WITCH-HUNT GAME?MPs Grill IGG Kamya over life style audit move

IGG Betty Kamya

Lawmakers on Parliament’s Legal and Parliamentary Affairs Committee have grilled the Inspector General of Government (IGG) on her proposed life style audit as a measure to curb the rampant corruption in Uganda, saying the scheme could be used to witch hunt civil servants.

This was during the consideration of 2022/2023 Ministerial policy statement for the Inspectorate of Government, where MPs tasked the IGG to explain how life style audit will be conducted and what mechanisms have been put in place to shield civil servants from witch hunt.

Stephen Baka (Bukhooli North) tasked Beti Kamya the Inspector General of Government to explain the justification for life style audit, wondering why she has chosen to go after complex corruption cases yet there are Ugandans who are openly stealing and sinking the stolen money in real estate sector.

He said:“You have failed to openly fish people who are openly thieves. Life style means people are very sharp and you can’t detect how they are stealing so you are going to see how they behave with their lives. It means they are discreet and sharp at the point of stealing that you can’t know but Ugandans aren’t sharp, these people openly steal. How are you going to manage life style audit in people who are openly corrupt?”

The same concern was raised by Joanne Okia (Madi-Okollo DWR) who asked for clarification on how the scheme will be implemented.

“I think sometimes it can go into a witch hunt, maybe some clear guidelines for the lifestyle audit and how do you choose which cases to investigate because I am sure the cases reported might exceed the capacity, how do you choose the cases to follow up?” asked Okia.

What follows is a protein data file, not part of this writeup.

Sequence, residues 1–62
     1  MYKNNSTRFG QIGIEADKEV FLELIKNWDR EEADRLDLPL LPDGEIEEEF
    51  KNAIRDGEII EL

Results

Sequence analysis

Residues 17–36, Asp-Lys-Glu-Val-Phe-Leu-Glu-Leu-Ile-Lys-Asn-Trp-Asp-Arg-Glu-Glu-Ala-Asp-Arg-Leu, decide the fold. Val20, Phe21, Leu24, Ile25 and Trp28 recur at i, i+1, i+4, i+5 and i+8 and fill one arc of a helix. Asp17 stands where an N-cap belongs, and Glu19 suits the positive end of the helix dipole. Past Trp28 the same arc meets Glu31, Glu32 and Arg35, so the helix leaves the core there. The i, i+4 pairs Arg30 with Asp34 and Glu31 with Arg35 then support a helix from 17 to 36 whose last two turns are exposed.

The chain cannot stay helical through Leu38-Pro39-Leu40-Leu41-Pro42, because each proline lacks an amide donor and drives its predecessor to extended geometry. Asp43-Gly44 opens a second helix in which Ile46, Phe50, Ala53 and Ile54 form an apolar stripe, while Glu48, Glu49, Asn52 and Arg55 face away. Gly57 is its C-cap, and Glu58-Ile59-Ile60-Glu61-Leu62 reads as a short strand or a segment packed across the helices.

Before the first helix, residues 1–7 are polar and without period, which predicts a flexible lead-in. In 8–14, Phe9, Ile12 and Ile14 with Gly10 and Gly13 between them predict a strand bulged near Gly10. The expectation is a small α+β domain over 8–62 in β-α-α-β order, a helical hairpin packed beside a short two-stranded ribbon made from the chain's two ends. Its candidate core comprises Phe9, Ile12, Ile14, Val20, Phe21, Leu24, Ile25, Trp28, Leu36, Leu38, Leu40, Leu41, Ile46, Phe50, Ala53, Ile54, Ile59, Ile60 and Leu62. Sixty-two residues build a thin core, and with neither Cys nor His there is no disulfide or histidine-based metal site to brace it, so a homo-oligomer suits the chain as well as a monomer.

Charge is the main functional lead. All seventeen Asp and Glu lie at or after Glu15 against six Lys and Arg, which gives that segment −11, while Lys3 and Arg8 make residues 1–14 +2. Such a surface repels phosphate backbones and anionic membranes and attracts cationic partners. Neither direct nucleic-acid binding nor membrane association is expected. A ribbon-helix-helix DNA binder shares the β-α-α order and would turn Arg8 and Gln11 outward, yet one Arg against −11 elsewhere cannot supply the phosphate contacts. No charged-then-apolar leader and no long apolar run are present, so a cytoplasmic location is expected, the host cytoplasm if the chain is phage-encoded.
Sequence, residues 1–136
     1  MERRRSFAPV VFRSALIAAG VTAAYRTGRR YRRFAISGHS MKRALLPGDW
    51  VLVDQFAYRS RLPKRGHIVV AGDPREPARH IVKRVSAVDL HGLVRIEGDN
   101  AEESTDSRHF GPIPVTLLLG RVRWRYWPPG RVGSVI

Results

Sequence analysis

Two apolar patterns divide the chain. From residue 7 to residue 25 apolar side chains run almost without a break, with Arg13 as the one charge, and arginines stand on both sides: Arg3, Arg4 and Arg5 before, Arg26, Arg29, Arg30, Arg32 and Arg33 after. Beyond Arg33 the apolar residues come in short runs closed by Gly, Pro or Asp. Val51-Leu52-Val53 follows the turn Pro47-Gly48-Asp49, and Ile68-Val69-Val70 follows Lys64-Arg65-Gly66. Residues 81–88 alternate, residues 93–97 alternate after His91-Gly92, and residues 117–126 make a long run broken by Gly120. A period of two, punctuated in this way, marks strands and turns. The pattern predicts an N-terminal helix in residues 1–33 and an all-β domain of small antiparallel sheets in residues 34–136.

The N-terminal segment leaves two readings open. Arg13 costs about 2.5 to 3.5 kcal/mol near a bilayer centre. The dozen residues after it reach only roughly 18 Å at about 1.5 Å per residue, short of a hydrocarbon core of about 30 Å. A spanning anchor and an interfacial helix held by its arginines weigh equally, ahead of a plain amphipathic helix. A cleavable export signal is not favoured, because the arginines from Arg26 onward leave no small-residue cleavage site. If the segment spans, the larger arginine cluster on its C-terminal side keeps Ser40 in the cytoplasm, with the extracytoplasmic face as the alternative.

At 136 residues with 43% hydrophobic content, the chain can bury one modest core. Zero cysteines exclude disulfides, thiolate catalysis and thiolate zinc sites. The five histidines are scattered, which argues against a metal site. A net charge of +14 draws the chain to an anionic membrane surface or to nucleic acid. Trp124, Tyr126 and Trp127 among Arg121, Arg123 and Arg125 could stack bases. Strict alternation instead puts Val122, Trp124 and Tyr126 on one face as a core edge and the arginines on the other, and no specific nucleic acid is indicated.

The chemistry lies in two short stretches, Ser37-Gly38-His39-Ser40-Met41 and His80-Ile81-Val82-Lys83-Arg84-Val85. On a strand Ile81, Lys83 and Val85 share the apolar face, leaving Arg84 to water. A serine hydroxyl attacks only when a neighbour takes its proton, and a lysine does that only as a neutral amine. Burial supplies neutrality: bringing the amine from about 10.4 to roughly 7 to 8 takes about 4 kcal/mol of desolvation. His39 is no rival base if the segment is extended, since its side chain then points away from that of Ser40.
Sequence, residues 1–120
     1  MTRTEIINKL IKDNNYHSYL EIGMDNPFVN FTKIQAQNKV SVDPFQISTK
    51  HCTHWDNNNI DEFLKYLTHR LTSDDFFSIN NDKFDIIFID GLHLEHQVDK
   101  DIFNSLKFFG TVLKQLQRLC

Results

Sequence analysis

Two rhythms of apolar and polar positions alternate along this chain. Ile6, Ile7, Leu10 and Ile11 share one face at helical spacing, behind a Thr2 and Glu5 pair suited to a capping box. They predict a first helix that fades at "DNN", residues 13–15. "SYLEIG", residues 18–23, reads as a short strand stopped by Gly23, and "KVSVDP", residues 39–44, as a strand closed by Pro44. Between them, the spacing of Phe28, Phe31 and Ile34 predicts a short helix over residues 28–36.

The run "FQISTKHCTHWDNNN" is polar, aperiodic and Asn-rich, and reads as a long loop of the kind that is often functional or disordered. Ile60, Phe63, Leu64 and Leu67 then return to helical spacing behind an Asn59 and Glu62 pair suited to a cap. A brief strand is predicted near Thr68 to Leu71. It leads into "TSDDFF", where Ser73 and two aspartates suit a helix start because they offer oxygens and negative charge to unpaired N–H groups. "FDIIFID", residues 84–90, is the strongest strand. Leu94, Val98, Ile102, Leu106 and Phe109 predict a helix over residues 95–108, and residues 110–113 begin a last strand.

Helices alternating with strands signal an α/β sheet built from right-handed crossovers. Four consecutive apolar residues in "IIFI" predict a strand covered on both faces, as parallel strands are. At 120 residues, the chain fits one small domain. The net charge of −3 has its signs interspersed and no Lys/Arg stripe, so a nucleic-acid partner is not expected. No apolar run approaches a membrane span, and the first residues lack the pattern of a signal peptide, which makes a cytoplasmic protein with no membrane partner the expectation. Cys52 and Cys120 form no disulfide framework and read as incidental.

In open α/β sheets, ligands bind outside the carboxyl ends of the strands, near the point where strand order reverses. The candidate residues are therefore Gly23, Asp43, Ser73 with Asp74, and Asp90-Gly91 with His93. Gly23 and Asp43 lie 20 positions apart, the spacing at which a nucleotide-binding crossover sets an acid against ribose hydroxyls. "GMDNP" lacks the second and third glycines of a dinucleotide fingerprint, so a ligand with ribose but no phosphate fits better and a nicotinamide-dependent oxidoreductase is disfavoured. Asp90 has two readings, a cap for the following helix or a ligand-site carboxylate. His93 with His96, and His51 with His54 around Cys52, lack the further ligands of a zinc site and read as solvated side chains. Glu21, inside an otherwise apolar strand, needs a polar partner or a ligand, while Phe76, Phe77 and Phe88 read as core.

However, Kamya defended the life style audit remarking that it is one of the methods the IGG used in pinning former Principal Accountant Office of Prime Minister Geoffrey Kazinda because he failed to explain to court how he had acquired his wealth.

She said: “Corruption by nature happens under the table, through proxies. It is very difficult to take a case to court and make it stand in court. Through the lifestyle audit, Kazinda was convicted because he couldn’t explain the amount of wealth he had given his main source of income. So life style audit shifts the burden on the suspect to explain how they got the wealth and I can assure you, it is going to work.”

Kamya also asked Parliament to prioritise the fight against corruption, citing a survey by the Inspectorate of Government commissioned revealing that Uganda loses Shs20Trn annually to corruption related crimes.

She explained: “A successful war on corruption could save this country Shs20Trn that is half the country’s annual budget. You realize that fighting corruption should be the most important activity in Uganda but for five consecutive years the IG has been given money for salary and for being there but not for doing the work which they are supposed to do which they are supposed to do which is eliminating corruption.”

Anne Twinomugisha Muhairwe, Deputy IGG also defended life style audit saying the Inspectorate has also taken interest in life style of public servants who have worked for many years but are still using public transport, despite owning expensive cars and buildings.

She said: “Also we are aware of the so called big fish who live like pompous by day and kings by night. So if you are a public servant and have worked for a certain time, we expect you to live a certain standard. We have public officers who use boda bodas, corona cars and yet we know they own prados and own very expensive buildings, so we shall come for them. So we know all the tricks, we shall be upping our game.”

In the 2022/2023 national budget, the IG office has been allocated Shs67.737Bn an increment from the Shs53.437Bn the agency was allocated in the 2021/2022 budget.


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